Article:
The use of restorative justice in cases of sexual violence is highly contentious. Resistance comes from those who argue that it may trivialise violence against women, re-victimise the vulnerable and endanger the safety of victim-survivors. On the other hand, from the perspective of victim-survivors, it may enable us to hear their stories more holistically; it may offer greater control, validation and may reduce victim-blaming. It may also provide an additional opportunity to secure some form of justice. Debate over the validity of these competing claims has largely taken place in an empirical vacuum. To begin to remedy this gap in our knowledge, and particularly our understanding of victim-survivor perspectives, this article considers the results of an exploratory study which investigated a restorative justice conference involving an adult survivor of child rape and other sexual abuse. The results of this case study, while necessarily tentative, provide good ground to consider afresh the possibilities of restorative justice in cases of sexual violence. We suggest that for those victim-survivors who wish to pursue this option, restorative justice may offer the potential to secure some measure of justice.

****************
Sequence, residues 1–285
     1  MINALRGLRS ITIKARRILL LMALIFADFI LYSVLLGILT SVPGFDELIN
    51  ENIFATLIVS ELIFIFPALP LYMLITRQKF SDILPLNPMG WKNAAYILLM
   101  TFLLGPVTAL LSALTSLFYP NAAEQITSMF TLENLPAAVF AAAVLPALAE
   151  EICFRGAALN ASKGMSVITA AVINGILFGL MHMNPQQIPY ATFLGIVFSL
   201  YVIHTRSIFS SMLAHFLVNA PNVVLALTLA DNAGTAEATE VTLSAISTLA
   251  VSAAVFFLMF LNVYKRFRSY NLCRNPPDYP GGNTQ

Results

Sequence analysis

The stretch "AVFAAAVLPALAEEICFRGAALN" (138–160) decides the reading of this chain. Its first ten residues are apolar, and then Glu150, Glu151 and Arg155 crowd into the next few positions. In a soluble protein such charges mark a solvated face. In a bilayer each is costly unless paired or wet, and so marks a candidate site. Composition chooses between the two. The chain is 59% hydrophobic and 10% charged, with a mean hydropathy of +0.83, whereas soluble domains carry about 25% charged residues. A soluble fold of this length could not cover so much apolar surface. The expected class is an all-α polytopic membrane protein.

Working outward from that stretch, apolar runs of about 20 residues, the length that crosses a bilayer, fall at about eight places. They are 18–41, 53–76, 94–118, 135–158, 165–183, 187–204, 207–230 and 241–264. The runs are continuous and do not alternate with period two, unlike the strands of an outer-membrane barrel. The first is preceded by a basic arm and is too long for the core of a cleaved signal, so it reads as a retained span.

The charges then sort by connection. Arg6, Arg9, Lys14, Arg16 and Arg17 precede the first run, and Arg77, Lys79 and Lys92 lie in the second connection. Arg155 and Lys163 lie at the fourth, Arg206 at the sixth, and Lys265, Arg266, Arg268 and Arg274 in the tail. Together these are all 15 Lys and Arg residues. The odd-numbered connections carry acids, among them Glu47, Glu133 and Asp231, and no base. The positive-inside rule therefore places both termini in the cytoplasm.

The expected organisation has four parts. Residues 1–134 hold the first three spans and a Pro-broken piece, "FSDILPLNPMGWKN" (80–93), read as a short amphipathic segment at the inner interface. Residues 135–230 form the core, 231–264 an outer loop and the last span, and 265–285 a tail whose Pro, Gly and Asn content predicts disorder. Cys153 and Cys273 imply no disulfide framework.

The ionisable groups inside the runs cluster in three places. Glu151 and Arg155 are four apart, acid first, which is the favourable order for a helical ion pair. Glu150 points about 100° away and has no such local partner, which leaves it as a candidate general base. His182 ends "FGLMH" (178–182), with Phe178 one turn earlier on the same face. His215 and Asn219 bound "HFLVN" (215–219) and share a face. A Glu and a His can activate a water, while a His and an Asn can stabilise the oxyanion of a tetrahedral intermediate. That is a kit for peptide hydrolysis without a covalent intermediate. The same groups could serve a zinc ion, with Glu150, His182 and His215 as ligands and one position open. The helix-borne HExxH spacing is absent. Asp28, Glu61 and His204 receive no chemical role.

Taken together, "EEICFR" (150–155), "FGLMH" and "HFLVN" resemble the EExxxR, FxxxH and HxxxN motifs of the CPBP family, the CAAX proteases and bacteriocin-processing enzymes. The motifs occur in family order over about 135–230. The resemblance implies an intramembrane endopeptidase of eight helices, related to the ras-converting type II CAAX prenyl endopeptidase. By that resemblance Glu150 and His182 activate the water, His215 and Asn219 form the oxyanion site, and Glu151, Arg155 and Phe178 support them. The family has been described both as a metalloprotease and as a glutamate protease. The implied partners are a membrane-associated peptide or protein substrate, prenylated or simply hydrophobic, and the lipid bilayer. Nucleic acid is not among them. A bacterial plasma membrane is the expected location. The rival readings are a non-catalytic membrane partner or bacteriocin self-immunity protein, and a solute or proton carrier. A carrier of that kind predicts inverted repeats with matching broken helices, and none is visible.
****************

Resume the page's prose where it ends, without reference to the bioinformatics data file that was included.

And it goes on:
McGlynn, C., Westmarland, N., & Godden, N. (2012). "I just wanted him to hear me": sexual violence and the possibilities of restorative justice. Journal of Law and Society, 39(2), 213-240. https://doi.org/10.1111/j.1467-6478.2012.00579.x